Mike & The Mechanics, York Barbican: Live Review

Mike & The Mechanics – York Barbican – 12th April 2023

Let’s skip the lengthy and potentially heated debate that could ensue the spelling accuracy of the ‘Refueled’ (US) or ‘Refuelled’ (UK) tour tagline and cut to the chase. “Refueled, recharged and reconditioned,” is Rutherford’s comment. Maybe a few more ‘re-‘s will be added during the course of a lengthy MATM tour across the UK over the next few weeks. The opening night of the Mike & The Mechanics 2023 tour saw their four-year absence broken in historic York.

We’re promised “all the hits plus a drop of Genesis.” And be sure that the Mechanics have enough hits to cherry-pick from half a dozen albums to form a crowd-pleasing set; you can probably name many of them or recognise the tunes. As for the drop of Genesis – don’t expect any Gabriel-era or mid-period bangers; go to a Steve Hackett Genesis Revisited gig for that. However, be prepared for a gentle twist.

Together and apart, the vocal talents and sparring (not to mention frontman prowess) of Andrew Roachford and Tim Howar provide the focal point. Howar makes the night for several front-row ticket holders with a bit of showmanship from the lip of the stage. The personal touch is always a winner and several of the ladies he charmed will be heading home with a nice phone video to show to their pals at work. And, whenever Roachford gets on the case, you’re guaranteed a whole stack of soul and style in his delivery. He gets his own showcase in set 2 with his own big hit in Cuddly Toy that goes down a storm.

The rest of the band is made up of repeat offenders and musical mates in Luke Juby on keys (bass and Over My Shoulder whistling) and 1998 Genesis touring guitarist Anthony Drennan. A strong ‘Genesis’ feel to the Mechanics lineup is of course Rutherford himself and the new drummer for this run of shows Nic Collins (who starred on the final Genesis tour). Nic plays a starring role here too. Rutherford notes how he brings a new energy to the band “No idea where he gets it from,” he deadpans predictably – while Nic also adds a fair share of power and finesse too.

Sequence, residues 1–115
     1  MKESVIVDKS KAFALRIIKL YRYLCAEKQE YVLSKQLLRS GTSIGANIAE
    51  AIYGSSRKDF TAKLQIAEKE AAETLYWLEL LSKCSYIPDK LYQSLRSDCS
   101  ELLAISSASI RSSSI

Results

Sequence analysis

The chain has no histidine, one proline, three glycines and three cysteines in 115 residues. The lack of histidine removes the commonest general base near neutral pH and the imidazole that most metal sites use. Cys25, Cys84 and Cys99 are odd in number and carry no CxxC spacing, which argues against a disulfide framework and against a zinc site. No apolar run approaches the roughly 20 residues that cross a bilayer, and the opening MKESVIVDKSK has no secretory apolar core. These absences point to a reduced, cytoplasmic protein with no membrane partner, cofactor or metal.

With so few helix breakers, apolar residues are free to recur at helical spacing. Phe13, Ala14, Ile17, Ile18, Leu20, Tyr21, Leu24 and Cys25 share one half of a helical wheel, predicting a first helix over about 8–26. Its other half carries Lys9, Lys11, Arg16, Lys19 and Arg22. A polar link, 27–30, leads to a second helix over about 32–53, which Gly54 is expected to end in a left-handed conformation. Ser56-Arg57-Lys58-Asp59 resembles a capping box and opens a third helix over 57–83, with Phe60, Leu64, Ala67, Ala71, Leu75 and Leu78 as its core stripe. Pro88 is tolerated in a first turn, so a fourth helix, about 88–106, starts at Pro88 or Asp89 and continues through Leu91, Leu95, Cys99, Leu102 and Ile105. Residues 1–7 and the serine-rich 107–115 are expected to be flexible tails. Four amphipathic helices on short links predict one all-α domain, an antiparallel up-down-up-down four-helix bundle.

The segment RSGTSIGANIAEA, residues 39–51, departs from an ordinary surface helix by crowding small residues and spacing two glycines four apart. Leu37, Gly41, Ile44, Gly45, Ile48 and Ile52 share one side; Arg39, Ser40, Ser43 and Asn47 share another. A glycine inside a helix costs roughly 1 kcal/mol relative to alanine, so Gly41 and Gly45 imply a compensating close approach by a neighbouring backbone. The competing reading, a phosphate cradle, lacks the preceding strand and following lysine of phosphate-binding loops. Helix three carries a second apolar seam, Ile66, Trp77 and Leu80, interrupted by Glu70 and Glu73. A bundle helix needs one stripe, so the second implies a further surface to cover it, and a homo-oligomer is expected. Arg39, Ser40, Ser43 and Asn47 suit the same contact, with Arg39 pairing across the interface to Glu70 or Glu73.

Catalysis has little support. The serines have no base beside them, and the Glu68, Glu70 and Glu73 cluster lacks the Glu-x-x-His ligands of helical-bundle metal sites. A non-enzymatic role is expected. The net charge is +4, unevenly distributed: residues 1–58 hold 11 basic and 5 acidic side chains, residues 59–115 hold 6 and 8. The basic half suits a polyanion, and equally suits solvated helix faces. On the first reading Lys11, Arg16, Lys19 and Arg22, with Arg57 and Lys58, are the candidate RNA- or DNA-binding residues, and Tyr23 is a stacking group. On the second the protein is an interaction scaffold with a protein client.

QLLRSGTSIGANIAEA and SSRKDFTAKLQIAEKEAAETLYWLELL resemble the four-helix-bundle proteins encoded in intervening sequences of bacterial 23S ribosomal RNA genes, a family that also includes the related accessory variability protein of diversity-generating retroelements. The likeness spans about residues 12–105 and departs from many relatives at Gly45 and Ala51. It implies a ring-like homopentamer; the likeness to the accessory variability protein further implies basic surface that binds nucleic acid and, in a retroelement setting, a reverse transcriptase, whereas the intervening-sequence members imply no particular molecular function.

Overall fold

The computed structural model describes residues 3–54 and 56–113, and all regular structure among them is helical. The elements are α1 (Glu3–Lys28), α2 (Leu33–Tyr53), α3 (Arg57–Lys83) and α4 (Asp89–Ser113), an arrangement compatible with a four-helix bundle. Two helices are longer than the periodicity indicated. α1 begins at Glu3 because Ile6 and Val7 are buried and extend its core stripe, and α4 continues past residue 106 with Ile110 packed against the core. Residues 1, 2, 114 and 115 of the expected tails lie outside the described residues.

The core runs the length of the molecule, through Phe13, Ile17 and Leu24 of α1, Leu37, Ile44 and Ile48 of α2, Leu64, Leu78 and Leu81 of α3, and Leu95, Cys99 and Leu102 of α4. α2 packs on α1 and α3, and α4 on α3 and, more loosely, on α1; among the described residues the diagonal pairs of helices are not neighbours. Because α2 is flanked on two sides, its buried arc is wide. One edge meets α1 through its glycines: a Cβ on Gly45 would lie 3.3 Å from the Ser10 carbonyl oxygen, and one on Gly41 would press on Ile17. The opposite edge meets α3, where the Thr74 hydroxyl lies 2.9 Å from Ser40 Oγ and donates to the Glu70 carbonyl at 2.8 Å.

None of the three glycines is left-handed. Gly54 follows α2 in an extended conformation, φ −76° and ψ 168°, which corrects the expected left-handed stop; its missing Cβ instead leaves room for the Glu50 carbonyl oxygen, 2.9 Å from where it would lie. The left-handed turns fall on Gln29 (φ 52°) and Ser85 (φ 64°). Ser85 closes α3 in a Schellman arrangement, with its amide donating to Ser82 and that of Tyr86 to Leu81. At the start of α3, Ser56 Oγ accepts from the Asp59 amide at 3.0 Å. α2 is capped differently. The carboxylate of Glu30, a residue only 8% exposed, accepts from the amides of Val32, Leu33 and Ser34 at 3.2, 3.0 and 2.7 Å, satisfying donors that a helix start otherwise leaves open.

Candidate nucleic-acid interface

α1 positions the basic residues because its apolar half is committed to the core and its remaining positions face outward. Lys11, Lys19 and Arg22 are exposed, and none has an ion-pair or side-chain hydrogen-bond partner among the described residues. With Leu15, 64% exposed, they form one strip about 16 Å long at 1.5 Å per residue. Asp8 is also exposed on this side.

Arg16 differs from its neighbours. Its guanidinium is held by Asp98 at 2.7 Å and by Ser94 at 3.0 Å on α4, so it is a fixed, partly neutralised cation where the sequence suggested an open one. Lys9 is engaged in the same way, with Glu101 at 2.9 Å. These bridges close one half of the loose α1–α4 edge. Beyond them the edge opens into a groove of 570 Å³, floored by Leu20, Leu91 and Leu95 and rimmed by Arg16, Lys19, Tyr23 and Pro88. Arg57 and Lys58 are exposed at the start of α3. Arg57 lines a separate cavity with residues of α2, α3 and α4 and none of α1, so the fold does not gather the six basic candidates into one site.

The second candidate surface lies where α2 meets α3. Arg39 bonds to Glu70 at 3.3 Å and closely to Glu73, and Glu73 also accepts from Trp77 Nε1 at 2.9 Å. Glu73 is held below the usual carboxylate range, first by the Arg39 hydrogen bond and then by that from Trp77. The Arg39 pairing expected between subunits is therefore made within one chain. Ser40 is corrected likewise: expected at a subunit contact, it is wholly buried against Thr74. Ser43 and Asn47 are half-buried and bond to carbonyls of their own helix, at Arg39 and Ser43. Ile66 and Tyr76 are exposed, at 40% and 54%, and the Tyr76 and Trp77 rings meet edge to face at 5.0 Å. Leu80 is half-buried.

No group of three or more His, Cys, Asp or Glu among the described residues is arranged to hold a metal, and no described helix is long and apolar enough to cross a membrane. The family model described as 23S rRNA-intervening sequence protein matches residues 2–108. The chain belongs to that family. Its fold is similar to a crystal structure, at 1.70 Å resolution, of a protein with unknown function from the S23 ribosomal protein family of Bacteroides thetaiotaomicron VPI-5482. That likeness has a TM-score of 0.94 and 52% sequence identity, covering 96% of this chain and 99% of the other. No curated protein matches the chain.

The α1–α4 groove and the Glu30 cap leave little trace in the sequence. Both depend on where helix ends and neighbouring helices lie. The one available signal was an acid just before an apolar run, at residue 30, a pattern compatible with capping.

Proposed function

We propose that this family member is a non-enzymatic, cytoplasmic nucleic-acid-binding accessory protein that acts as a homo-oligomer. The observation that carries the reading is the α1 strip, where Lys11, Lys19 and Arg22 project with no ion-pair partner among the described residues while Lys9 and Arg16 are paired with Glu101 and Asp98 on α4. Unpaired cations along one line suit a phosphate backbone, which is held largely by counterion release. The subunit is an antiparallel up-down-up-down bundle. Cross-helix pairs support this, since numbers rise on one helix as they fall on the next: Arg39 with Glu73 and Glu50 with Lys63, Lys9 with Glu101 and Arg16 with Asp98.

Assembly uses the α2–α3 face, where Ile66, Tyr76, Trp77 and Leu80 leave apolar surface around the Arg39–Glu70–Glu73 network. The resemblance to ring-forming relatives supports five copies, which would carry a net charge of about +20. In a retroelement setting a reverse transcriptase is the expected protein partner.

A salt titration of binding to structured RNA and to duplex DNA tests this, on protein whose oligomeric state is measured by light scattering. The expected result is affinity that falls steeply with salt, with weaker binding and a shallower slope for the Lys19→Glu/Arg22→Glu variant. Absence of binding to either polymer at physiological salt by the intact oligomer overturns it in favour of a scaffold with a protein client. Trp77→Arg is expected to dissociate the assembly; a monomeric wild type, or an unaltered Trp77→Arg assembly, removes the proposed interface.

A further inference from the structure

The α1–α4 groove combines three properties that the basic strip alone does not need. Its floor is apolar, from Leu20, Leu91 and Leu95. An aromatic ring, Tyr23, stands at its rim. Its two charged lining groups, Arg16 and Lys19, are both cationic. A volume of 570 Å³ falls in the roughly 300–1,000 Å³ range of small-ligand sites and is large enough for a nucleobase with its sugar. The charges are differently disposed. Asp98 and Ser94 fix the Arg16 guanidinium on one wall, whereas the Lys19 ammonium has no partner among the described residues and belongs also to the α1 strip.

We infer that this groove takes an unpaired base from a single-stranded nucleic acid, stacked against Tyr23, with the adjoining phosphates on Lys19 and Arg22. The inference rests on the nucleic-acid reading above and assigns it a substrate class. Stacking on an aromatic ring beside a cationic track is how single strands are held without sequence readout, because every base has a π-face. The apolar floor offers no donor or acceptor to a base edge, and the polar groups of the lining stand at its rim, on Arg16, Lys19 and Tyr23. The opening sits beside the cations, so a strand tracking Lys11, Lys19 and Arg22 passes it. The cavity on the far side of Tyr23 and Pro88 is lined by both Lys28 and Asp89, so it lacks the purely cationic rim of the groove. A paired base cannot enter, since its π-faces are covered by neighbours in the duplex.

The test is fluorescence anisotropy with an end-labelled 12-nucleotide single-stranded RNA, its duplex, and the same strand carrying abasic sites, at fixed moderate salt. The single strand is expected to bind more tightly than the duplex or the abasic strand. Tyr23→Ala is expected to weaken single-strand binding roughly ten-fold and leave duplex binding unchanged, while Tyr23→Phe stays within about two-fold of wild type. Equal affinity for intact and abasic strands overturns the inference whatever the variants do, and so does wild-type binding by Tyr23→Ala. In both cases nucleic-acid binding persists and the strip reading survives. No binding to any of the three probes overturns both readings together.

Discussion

Amongst all the hits that basically see the setlist almost pick itself – Get Up, Beggar On A Beach Of Gold, Another Cup Of Coffee…etc – that promise of “a drop of Genesis” may have added a bum or two on seats. Jesus He Knows Me might not have been one of the more obvious choices but was a welcome one (and a chance to compare with Ghost’s imminent version). Rutherford, switching between acoustic, bass and guitar, finally gets as guitar solo moment as Silent Running closes the first set

A second half flew by, opening with an acoustic set (not quite ‘unplugged’ with the electronic drum pads playing their role) that gently medley-ed a few Mechanics snippets including Invisible Touch and Follow You Follow Me. Clearing the acoustic kit away left Mr Rutherford alone on the stage accompanied by a drum machine, Tim Howar and the more predictable Genesis I Can’t Dance riff as the band gradually added themselves back to the number – although thankfully didn’t attempt the (in)famous walking dance…

Roachford channels some Aretha in the intro to Living Years, and the sucker punches of All I Need Is A Miracle and Over My Shoulder guarantee the tour has genuinely kicked into life. Honouring the Mechanics tradition on Word Of Mouth, aside from the obvious ‘point in the right direction’ audience participation of the chorus, saw each take a brief solo spot. Roachford again on point with a burst of Stevie Wonder’s Superstition and Rutherford himself rolling back the years with his nod to Hendrix’s Purple Haze

With the covers to the book of Genesis now firmly closed, reviving the Mechanics sees Mike Rutherford coming full circle. Cue the wibbly wobbly lines of time travel back to his formative days as a musician back in Charterhouse with lofty but rebellious ambitions to become a songwriter. It’s been quite some journey.

photo selection courtesy of iphone.cam

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